USA – -(Ammoland.com)- “Prominent appeals court Judge Alex Kozinski accused of sexual misconduct,” The Washington Post propagated Friday. “Heidi Bond … is one of six women — all former clerks or more junior staffers known as externs in the 9th Circuit — who alleged to The Washington Post in recent weeks that Kozinski, now 67 and still serving as a judge on the court, subjected them to a range of inappropriate sexual conduct or comments. She is one of two former clerks who said Kozinski asked them to view porn in his chambers.”
If true, that’s inexcusable. But without evidence, this is another “he said/she said years later” example of a hysteria sweeping the country. The trend has been increasingly devolving into witch hints and blurring of lines between actual sexual abuse and allegations made to advance personal motives and political agendas. And as much as we’re urged to always believe the victim (unless she’s one of Bill Clinton’s accusers), false accusations do happen, potentially destroying the lives of the accused and also making it harder for real victims to obtain justice.
“I would never intentionally do anything to offend anyone and it is regrettable that a handful have been offended by something I may have said or done,” Kozinski responded. “I don’t remember ever showing pornographic material to my clerks. If this is all they are able to dredge up after 35 years, I am not too worried.”
By “they” he’s referring to people opposed to his position on the federal bench for reasons of judicial and political differences and motives. And as long as Kozinski is being scrutinized, fairness demands his accusers be examined as well, if for no other reason than to invalidate countercharges against them.
That’s why it’s curious The Post failed to mention main accuser Heidi Bond, now writing romance novels under the pen name Courtney Milan, is supporting Democrat Doug Jones for the Senate and talked about writing a modern-day romance novel where “The heroine’s mother is an immigration activist.” That suggests “progressive” sympathies, and it would be appropriate to determine those for all accusers – not to automatically invalidate their claims, but certainly as information that deserves to at least be considered in the mix.
Likewise, one man’s porno is another’s federally-funded art exhibit. Americans routinely watch stuff on HBO and Netflix that many would consider obscene. To paraphrase Whoopi Goldberg’s “rape-rape” gaffe, are we talking “pornography-pornography” here, or something considerably less hard core?
Not to excuse any of that. One would think, especially in this day and age, every professional would be situationally aware and just plain moral enough not to behave like an intimidating lout. The question here is, do the alleged offenses, if they happened as described, rise to the level of disqualifying Judge Kozinski’s continued presence on the bench?
And who thinks that’s not what WaPo and other media sharks circling and smelling blood in the water have in mind?
Were he to resign or worse, be booted, one group that would suffer a big loss is gun owners. Because even though the 9th Circuit has been notoriously anti-gun in its rulings, Kozinski has been a refreshing voice of departure from the majority, one who understands founding intent on the Second Amendment both literally and viscerally.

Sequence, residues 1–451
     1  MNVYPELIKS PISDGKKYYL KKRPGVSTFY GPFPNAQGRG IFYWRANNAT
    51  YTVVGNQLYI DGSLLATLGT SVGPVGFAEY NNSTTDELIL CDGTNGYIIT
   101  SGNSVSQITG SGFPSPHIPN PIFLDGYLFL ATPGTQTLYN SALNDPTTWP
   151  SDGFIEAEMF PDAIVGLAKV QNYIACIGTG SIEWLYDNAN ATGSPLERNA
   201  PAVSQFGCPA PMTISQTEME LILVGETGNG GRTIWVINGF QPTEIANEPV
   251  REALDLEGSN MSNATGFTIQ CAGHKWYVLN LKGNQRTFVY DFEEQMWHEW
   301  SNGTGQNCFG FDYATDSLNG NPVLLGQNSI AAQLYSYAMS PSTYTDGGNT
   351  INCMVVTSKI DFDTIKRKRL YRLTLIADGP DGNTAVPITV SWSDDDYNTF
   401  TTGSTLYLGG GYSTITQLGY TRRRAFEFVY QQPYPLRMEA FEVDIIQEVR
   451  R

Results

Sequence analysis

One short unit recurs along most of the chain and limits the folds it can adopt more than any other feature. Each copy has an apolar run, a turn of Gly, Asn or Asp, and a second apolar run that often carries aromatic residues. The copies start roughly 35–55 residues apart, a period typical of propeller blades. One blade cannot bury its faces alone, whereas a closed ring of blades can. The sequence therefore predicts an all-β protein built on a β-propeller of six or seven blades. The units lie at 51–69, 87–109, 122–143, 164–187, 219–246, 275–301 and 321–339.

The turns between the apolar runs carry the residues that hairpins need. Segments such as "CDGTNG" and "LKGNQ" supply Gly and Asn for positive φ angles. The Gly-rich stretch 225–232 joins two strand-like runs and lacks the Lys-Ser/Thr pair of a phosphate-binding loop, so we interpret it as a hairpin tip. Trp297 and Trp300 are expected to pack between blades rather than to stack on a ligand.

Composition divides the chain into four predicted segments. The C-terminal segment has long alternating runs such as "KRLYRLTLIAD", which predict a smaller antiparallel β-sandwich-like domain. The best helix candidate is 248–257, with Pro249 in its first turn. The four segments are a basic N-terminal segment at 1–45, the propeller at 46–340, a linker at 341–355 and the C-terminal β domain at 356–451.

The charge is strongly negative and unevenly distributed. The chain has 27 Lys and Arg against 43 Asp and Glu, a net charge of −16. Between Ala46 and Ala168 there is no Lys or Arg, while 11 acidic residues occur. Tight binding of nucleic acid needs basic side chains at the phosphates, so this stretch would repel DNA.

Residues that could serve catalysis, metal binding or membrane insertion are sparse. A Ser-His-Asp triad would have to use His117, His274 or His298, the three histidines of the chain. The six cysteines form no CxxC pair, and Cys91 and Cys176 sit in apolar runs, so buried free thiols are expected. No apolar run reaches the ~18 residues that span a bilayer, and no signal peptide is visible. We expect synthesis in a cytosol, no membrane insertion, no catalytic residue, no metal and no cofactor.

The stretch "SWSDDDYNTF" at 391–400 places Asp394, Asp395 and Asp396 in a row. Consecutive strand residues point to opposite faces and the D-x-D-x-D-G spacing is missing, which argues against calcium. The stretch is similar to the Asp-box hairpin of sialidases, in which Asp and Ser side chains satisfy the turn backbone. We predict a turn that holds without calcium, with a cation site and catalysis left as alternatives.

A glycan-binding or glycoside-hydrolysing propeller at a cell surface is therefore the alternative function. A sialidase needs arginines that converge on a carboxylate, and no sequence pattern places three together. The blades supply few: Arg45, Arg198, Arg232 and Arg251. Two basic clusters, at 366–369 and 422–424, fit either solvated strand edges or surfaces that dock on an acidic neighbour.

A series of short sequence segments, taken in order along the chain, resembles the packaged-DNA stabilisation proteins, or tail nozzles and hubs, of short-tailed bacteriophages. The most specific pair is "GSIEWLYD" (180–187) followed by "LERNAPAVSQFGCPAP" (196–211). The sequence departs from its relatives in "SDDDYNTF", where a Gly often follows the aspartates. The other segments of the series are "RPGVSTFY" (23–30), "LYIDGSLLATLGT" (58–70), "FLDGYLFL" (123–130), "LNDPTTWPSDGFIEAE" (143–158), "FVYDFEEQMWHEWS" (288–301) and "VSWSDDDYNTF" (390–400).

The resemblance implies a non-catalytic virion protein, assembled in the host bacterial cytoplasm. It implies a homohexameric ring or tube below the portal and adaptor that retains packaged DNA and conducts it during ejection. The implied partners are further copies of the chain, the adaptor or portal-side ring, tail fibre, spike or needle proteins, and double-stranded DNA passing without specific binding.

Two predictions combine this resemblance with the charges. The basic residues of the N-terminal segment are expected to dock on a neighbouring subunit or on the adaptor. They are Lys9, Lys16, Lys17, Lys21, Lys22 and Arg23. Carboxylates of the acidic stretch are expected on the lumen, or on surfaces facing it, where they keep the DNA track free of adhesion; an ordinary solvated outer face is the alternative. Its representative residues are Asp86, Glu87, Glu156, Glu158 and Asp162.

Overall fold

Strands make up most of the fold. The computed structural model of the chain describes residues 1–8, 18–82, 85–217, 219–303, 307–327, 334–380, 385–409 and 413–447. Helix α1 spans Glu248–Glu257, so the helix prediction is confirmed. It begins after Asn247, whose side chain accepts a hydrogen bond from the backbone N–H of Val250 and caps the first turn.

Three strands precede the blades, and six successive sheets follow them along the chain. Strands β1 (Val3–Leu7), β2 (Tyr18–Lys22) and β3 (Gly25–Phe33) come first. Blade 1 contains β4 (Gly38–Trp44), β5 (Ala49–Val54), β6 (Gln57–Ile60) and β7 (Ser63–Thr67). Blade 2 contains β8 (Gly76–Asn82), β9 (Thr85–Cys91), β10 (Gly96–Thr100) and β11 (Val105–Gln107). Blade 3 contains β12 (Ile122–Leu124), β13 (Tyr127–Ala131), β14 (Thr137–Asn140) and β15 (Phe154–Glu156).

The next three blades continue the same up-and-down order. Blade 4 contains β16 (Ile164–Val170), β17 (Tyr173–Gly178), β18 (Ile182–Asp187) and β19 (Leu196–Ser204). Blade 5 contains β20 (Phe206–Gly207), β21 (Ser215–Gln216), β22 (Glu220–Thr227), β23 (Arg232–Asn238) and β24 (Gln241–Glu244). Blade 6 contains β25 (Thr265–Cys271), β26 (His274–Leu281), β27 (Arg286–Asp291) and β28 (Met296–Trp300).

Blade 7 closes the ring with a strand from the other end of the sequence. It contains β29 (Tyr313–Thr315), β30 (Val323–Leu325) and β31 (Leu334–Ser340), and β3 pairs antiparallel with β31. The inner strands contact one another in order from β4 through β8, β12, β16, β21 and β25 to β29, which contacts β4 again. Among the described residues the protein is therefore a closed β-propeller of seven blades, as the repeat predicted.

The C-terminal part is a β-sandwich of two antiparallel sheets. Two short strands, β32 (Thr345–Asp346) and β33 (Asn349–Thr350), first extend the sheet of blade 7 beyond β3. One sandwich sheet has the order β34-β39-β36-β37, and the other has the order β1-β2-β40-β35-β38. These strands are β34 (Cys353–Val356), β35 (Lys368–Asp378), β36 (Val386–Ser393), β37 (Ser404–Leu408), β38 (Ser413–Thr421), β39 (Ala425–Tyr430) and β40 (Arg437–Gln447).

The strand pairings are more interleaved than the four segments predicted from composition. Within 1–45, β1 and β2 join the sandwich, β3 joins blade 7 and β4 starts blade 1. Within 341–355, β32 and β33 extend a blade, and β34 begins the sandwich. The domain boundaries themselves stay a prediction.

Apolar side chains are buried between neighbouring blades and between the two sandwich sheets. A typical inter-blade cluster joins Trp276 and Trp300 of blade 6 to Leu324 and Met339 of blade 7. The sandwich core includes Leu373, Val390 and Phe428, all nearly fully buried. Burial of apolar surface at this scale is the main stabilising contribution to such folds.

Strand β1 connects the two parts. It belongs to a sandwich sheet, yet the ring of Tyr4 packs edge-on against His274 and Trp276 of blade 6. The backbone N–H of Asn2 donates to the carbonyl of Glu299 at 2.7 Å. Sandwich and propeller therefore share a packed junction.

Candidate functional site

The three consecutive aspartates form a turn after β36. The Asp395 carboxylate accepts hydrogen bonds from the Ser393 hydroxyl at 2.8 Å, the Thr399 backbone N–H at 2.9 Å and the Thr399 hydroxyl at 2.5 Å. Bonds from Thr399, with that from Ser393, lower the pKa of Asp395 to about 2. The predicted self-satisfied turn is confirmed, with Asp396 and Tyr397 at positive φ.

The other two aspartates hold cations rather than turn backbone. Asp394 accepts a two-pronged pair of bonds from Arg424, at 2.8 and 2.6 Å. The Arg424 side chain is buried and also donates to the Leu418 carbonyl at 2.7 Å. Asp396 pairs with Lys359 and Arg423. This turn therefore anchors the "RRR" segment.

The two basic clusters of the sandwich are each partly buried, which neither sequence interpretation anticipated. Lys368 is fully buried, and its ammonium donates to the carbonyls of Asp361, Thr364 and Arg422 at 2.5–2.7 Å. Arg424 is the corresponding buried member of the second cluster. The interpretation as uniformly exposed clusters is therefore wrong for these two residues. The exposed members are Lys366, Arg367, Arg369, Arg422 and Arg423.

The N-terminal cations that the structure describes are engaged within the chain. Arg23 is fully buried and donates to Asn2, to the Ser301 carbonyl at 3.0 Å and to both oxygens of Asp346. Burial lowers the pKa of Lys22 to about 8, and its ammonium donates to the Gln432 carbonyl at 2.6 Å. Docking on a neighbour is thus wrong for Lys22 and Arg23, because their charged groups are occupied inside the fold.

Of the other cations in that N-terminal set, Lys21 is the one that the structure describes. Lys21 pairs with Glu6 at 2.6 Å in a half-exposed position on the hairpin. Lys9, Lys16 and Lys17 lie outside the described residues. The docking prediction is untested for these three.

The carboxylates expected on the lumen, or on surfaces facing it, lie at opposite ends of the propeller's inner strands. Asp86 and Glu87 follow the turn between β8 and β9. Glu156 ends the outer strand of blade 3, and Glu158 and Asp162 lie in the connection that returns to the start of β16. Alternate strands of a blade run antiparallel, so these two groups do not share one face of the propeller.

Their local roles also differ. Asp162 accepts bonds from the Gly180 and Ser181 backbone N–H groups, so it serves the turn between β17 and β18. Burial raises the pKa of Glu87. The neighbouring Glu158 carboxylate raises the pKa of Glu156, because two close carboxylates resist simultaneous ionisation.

From his dissent in Silveira v. Lockyer, a challenge to California’s “assault weapons” ban that the Supreme Court refused to take on:
“My excellent colleagues have forgotten these bitter lessons of history. The prospect of tyranny may not grab the headlines the way vivid stories of gun crime routinely do. But few saw the Third Reich coming until it was too late. The Second Amendment is a doomsday provision, one designed for those exceptionally rare circumstances where all other rights have failed—where the government refuses to stand for reelection and silences those who protest; where courts have lost the courage to oppose, or can find no one to enforce their decrees. However improbable these contingencies may seem today, facing them unprepared is a mistake a free people get to make only once.
“Fortunately, the Framers were wise enough to entrench the right of the people to keep and bear arms within our constitutional structure. The purpose and importance of that right was still fresh in their minds, and they spelled it out clearly so it would not be forgotten. Despite the panel’s mighty struggle to erase these words, they remain, and the people themselves can read what they say plainly enough:
“’A well regulated Militia, being necessary to the security of a free State, the right of the people to keep and bear Arms, shall not be infringed.’”
If Judge Kozinski is now a target, it’s in the interests of gun owners to make sure that allegations are true, have been faithfully recounted, are unmotivated by agenda, and are egregious enough to warrant further actions. But regardless, just by being named and associated with such behavior, we’ll probably never see his name added to President Donald Trump’s list of potential Supreme Court candidates. After reading his stirring defense of the Second Amendment, that alone is a major loss.
“Alex Kozinski, a high-profile federal court judge in California, is retiring after multiple women accused him of sexual harassment, prompting a formal inquiry.”
About David Codrea:
David Codrea is the winner of multiple journalist awards for investigating / defending the RKBA and a long-time gun owner rights advocate who defiantly challenges the folly of citizen disarmament.
In addition to being a field editor/columnist at GUNS Magazine and associate editor for Oath Keepers, he blogs at “The War on Guns: Notes from the Resistance,” and posts on Twitter: @dcodrea and Facebook.